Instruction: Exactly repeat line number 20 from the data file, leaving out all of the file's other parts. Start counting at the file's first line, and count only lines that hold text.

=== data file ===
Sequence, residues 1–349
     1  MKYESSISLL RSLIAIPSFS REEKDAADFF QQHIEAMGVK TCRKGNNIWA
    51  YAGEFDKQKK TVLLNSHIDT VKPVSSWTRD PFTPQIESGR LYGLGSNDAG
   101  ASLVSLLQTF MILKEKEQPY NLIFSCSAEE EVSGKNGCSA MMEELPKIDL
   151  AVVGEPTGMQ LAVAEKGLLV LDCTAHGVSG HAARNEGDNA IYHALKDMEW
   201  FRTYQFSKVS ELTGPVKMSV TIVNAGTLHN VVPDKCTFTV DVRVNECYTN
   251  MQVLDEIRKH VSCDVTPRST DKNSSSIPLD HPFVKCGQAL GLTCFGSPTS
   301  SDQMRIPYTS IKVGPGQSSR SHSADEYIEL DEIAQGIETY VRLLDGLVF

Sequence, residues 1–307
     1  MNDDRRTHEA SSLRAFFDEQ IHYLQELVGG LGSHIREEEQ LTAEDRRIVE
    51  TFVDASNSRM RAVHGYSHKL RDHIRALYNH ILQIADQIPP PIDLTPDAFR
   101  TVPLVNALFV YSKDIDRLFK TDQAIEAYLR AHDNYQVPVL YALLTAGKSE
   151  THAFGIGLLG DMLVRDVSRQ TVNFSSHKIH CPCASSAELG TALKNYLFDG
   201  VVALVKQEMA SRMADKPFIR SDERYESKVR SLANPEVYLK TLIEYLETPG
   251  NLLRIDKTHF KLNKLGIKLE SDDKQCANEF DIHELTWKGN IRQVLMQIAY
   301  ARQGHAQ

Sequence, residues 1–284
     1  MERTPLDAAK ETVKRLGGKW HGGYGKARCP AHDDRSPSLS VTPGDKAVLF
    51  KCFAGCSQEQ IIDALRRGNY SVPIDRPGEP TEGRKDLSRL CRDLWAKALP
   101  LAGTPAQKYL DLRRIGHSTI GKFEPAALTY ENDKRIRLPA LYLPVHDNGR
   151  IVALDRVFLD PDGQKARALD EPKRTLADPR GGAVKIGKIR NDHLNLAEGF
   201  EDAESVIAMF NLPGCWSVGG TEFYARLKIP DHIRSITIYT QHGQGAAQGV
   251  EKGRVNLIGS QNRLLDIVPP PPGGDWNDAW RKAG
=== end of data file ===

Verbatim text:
   101  LAGTPAQKYL DLRRIGHSTI GKFEPAALTY ENDKRIRLPA LYLPVHDNGR